Section 4: The wicked never willingly come into the presence of God. Hence their hypocrisy. Hence, too, their sense of Deity leads to no good result.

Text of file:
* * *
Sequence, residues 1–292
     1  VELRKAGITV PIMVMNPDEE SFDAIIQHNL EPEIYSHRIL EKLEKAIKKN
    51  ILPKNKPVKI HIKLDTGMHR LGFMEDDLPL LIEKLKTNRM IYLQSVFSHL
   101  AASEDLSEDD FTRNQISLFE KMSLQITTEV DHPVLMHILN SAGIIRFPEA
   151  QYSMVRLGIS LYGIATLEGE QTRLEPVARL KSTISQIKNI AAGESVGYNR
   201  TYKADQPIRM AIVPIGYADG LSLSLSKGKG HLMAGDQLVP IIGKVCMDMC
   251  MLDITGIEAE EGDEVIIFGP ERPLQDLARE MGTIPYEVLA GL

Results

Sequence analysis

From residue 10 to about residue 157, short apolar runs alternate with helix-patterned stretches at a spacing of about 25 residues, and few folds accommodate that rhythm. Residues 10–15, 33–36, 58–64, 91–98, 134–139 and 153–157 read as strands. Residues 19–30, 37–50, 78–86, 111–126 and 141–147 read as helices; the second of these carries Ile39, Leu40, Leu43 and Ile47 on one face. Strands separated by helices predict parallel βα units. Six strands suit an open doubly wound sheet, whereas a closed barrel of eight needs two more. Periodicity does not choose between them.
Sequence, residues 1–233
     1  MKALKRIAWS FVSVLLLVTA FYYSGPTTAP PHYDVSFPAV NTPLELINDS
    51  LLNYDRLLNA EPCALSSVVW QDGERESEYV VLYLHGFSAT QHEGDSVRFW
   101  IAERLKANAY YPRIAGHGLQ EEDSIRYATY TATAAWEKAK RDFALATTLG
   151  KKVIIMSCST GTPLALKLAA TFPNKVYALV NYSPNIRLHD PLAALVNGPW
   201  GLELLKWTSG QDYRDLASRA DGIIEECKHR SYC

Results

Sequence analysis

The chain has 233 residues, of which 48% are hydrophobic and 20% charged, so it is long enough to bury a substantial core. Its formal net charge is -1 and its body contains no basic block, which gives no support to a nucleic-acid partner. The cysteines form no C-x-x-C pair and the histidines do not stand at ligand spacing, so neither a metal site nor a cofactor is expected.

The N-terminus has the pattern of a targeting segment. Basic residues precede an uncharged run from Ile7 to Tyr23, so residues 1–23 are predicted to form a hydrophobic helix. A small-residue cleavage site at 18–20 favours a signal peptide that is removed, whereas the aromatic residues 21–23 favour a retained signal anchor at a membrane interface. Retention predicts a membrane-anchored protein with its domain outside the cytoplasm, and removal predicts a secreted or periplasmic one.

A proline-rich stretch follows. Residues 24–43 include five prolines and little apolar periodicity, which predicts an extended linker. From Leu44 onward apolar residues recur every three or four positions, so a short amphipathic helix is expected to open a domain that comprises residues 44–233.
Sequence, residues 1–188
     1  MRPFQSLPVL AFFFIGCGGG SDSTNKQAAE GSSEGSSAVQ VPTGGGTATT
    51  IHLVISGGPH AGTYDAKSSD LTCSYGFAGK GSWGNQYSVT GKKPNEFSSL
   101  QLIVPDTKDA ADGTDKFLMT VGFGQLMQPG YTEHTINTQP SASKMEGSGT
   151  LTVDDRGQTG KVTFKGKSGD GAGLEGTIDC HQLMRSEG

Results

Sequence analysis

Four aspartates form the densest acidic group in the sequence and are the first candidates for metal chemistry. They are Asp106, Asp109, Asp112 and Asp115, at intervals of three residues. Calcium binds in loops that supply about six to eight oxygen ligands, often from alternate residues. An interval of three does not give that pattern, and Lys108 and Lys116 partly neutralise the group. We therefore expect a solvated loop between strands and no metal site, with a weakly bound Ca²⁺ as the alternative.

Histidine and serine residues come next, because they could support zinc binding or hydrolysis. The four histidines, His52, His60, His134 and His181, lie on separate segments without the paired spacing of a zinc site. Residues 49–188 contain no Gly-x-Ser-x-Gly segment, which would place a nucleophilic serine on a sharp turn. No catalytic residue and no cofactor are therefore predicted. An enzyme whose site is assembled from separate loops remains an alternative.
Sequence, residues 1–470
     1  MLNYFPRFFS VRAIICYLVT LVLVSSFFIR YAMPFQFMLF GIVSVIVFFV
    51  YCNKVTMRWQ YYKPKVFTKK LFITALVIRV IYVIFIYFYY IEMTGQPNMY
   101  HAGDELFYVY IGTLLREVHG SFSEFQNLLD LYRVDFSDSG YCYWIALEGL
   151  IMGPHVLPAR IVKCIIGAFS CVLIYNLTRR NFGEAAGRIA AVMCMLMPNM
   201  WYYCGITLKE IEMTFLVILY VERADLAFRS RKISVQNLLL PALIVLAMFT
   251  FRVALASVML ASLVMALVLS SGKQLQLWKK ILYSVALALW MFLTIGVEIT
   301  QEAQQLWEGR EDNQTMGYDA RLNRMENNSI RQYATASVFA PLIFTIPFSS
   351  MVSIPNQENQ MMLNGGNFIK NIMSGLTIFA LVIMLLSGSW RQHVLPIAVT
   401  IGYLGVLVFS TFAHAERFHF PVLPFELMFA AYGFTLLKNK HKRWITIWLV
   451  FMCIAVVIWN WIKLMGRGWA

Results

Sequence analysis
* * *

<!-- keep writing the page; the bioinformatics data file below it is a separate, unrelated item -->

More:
To this fault they add a second--viz. that when they do think of God it is against their will; never approaching him without being dragged into his presence, and when there, instead of the voluntary fear flowing from reverence of the divine majesty, feeling only that forced and servile fear which divine Judgment extorts Judgment which, from the impossibility of escape, they are compelled to dread, but which, while they dread, they at the same time also hate. To impiety, and to it alone, the saying of Statius properly applies: "Fear first brought gods into the world," (Theb. lib. 1). Those whose inclinations are at variance with the justice of God, knowing that his tribunal has been erected for the punishment of transgression, earnestly wish that that tribunal were overthrown. Under the influence of this feeling they are actually warring against God, justice being one of his essential attributes. Perceiving that they are always within reach of his power, that resistance and evasion are alike impossible, they fear and tremble. Accordingly, to avoid the appearance of condemning a majesty by which all are overawed, they have recourse to some species of religious observance, never ceasing meanwhile to defile themselves with every kind of vice, and add crime to crime, until they have broken the holy law of the Lord in every one of its requirements, and set his whole righteousness at nought; at all events, they are not so restrained by their semblance of fear as not to luxuriate and take pleasure in iniquity, choosing rather to indulge their carnal propensities than to curb them with the bridle of the Holy Spirit. But since this shadow of religion (it scarcely even deserves to be called a shadow) is false and vain, it is easy to infer how much this confused knowledge of God differs from that piety which is instilled into the breasts of believers, and from which alone true religion springs. And yet hypocrites would fain, by means of tortuous windings, make a show of being near to God at the very time they are fleeing from him. For while the whole life ought to be one perpetual course of obedience, they rebel without fear in almost all their actions, and seek to appease him with a few paltry sacrifices; while they ought to serve him with integrity of heart and holiness of life, they endeavour to procure his favour by means of frivolous devices and punctilios of no value. Nay, they take greater license in their grovelling indulgences, because they imagine that they can fulfil their duty to him by preposterous expiations; in short, while their confidence ought to have been fixed upon him, they put him aside, and rest in themselves or the creatures. At length they bewilder themselves in such a maze of error, that the darkness of ignorance obscures, and ultimately extinguishes, those sparks which were designed to show them the glory of God. Still, however, the conviction that there is some Deity continues to exist, like a plant which can never be completely eradicated, though so corrupt, that it is only capable of producing the worst of fruit. Nay, we have still stronger evidence of the proposition for which I now contend--viz. that a sense of Deity is naturally engraven on the human heart, in the fact, that the very reprobate are forced to acknowledge it. When at their ease, they can jest about God, and talk pertly and loquaciously in disparagement of his power; but should despair, from any cause, overtake them, it will stimulate them to seek him, and dictate ejaculatory prayers, proving that they were not entirely ignorant of God, but had perversely suppressed feelings which ought to have been earlier manifested.